The lawmaker, however, said that studies have yet to prove the safety of inhaling pure nicotine.

Under SB 2011, six months after the enactment of the bill, all cinema and outdoor advertising for e-cigarettes will be prohibited.

No leaflets, posters and similar outdoor advertising materials may be posted, except inside the premises of point-of-sale retail establishments.

“The lack of regulation compounded by product accessibility, popularity, and attractive design make such devices appealing to young adults, teenagers and minors thereby encouraging their experimentation with or outright use of the same,” said Lapid.

SB 2011 is also known as the “E-Cigarette Regulation Act of 2013.”/PN

 

Senators reflect on Lent’s significance

 

BY PRINCE GOLEZ Manila Reporter

MANILA – Sen. Gregorio Honasan urged the faithful to offer sacrifices during the Holy Week. “Sacrifice as our Lord Jesus Christ did by example,” Honasan told Panay News.

The country may attain lasting peace, unity and a secure future for its people “if we acknowledge the sacrifice of Christ for our sins,” he stressed.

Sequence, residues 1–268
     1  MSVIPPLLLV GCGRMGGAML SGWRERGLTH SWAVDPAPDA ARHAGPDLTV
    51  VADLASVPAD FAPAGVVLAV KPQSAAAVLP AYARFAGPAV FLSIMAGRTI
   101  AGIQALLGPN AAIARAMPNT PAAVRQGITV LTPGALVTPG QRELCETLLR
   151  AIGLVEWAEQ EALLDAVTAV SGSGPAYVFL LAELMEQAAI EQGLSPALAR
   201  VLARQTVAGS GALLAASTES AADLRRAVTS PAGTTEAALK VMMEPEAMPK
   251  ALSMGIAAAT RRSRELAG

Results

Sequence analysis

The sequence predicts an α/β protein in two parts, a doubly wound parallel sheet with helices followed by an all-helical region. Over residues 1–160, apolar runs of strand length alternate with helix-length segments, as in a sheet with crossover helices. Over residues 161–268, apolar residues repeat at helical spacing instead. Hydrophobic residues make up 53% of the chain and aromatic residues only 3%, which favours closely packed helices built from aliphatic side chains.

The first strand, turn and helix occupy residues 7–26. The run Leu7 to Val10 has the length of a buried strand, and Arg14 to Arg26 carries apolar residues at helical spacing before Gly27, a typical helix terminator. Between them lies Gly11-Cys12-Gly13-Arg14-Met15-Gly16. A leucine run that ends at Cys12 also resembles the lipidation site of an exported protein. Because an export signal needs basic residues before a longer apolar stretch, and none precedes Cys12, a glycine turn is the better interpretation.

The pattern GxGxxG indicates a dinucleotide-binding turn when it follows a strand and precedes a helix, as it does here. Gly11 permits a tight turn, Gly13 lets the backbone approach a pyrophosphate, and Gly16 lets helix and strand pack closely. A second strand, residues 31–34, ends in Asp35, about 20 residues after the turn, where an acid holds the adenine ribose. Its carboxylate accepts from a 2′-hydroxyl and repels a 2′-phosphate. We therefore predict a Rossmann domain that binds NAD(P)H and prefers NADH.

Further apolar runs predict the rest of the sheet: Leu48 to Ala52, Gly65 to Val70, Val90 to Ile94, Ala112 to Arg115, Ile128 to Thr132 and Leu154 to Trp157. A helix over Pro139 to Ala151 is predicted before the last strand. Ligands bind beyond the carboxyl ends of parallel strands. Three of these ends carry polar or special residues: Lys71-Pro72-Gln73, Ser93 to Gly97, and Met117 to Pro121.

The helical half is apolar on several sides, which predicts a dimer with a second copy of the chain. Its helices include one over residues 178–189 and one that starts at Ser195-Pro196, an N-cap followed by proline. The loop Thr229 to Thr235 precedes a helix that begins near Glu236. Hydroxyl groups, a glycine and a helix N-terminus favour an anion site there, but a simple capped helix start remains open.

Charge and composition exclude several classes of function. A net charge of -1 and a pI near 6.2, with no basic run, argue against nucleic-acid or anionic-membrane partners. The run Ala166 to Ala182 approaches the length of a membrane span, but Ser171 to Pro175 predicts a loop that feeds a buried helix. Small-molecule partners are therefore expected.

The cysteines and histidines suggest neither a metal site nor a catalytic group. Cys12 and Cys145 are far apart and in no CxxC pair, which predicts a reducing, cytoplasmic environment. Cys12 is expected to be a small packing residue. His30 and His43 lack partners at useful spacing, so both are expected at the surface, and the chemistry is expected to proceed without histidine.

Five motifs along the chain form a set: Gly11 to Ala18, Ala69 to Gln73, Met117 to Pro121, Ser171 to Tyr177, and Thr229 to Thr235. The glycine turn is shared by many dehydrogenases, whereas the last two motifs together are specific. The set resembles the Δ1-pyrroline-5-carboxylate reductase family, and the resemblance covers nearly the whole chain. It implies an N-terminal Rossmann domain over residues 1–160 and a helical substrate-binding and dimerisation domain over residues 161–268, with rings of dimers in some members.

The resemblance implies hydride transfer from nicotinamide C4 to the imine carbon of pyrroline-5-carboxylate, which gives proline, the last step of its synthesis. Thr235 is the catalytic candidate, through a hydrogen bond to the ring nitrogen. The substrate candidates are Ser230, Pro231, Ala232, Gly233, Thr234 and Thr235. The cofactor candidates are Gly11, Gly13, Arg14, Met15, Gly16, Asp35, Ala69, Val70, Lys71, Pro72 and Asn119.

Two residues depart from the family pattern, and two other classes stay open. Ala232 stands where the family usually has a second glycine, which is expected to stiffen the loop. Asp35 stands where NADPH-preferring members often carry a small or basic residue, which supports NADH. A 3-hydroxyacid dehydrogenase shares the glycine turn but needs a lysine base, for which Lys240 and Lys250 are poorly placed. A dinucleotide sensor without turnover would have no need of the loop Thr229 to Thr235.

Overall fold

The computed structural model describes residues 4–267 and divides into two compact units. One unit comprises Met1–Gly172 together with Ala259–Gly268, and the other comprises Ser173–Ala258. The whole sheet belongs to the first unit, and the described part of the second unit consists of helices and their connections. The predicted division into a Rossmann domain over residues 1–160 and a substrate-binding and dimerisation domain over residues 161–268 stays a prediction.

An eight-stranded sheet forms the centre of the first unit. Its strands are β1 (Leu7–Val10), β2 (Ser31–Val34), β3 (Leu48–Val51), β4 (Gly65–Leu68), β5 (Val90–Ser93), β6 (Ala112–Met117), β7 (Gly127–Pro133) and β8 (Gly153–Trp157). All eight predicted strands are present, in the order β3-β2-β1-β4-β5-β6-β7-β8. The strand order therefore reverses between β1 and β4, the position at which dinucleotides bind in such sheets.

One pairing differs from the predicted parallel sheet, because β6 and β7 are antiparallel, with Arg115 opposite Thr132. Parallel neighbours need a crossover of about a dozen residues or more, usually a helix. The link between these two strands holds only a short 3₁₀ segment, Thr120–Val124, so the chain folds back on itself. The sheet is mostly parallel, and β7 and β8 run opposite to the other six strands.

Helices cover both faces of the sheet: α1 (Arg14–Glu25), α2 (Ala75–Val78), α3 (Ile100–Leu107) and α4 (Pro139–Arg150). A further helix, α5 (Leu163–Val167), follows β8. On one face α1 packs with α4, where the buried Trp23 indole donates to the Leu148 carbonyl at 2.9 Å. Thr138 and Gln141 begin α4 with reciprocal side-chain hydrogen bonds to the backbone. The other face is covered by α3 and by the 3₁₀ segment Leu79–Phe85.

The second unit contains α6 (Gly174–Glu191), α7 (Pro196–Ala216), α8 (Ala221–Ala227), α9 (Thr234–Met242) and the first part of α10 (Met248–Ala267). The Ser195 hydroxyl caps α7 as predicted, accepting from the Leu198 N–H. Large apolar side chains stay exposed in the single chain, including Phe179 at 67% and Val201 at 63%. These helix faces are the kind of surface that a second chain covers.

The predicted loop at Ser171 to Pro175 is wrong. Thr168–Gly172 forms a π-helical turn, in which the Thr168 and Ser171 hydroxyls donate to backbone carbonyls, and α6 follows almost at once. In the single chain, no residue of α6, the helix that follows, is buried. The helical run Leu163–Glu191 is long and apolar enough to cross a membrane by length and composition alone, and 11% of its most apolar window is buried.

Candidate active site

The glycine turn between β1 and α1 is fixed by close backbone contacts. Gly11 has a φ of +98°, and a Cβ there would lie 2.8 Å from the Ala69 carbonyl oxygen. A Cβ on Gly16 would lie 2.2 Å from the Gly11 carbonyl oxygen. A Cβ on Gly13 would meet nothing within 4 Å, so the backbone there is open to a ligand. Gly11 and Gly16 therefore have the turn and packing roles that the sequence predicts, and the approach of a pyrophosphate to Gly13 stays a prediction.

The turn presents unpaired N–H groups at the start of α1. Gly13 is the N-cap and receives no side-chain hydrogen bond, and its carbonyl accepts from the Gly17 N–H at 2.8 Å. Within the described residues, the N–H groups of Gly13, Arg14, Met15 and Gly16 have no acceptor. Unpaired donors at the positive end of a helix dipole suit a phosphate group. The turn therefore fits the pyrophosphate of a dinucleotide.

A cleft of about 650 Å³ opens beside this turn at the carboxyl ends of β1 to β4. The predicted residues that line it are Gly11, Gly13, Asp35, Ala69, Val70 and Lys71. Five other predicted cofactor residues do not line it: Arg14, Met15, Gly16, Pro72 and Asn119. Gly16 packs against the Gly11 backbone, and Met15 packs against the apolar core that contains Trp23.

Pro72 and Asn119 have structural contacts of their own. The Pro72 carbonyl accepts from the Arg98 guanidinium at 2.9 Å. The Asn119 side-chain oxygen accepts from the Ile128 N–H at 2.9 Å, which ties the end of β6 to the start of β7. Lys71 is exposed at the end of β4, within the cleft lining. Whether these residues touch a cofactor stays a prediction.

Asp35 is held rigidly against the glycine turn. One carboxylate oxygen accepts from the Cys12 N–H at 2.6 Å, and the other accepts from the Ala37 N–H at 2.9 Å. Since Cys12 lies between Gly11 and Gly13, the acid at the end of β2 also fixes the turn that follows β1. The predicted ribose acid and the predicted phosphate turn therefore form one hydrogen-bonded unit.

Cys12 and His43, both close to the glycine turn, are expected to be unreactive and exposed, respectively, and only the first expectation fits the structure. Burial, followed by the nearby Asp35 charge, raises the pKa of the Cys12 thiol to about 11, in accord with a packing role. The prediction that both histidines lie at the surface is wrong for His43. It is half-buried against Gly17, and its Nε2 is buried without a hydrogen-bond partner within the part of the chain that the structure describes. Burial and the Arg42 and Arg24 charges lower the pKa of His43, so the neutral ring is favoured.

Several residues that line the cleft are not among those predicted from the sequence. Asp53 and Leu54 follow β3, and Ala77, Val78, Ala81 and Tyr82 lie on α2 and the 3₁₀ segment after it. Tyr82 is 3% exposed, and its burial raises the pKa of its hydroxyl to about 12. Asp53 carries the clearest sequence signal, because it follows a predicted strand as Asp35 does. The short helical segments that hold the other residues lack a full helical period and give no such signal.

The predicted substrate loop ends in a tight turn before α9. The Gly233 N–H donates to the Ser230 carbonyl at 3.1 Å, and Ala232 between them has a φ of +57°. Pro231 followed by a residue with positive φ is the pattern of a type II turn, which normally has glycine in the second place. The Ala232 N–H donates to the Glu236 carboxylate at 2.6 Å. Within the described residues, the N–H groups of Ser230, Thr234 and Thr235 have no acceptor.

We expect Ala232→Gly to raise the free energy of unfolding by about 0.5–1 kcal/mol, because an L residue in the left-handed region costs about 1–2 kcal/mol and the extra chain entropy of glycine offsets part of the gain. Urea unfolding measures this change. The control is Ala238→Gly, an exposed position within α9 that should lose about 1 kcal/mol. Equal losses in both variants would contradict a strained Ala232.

For his part, Sen. JV Ejercito said Lent is a good time to “reflect on the passion and death of Christ…(so) you and I may be saved.”

Senate President Franklin Drilon, on the other hand, urged the faithful to make Lent a period of “reflection” and “renewal.”

“Lent is also an occasion to think more profoundly about the obligations we have to ourselves and the obligations we have to one another as human beings,” said Drilon.

He urged Filipinos to refocus their priorities and make them “consistent with the teachings of Christ.”

“I join the rest of the nation in solemn observance of the Holy Week….We must all remember what Jesus said: ‘I am the way, and the truth and the life. No one comes to the Father except through Me,’” Drilon said.

Sen. Bam Aquino, meanwhile, said the Holy Week is a time to improve our relationship with family, friends and loved ones.

Gamitin natin ang panahong ito para tumigil sa pang-araw-araw na responsibilidad upang mapagmunihan ang mahahalagang bagay sa ating buhay,” Aquino said./PN

   

SoKor to probe death of citizen in Manila

 

By SAMMY JULIAN Manila News Bureau Chief

MANILA – South Korea is poised to dispatch an inter-agency investigation team to the Philippines to look into the recent death of a South Korean student abducted in Manila more than a month ago.

South Korean Foreign Ministry spokesperson and Deputy Minister for Public Relations Cho Tai-young said his government is continuously calling on relevant Philippine authorities to “conduct an investigation in a thorough manner.”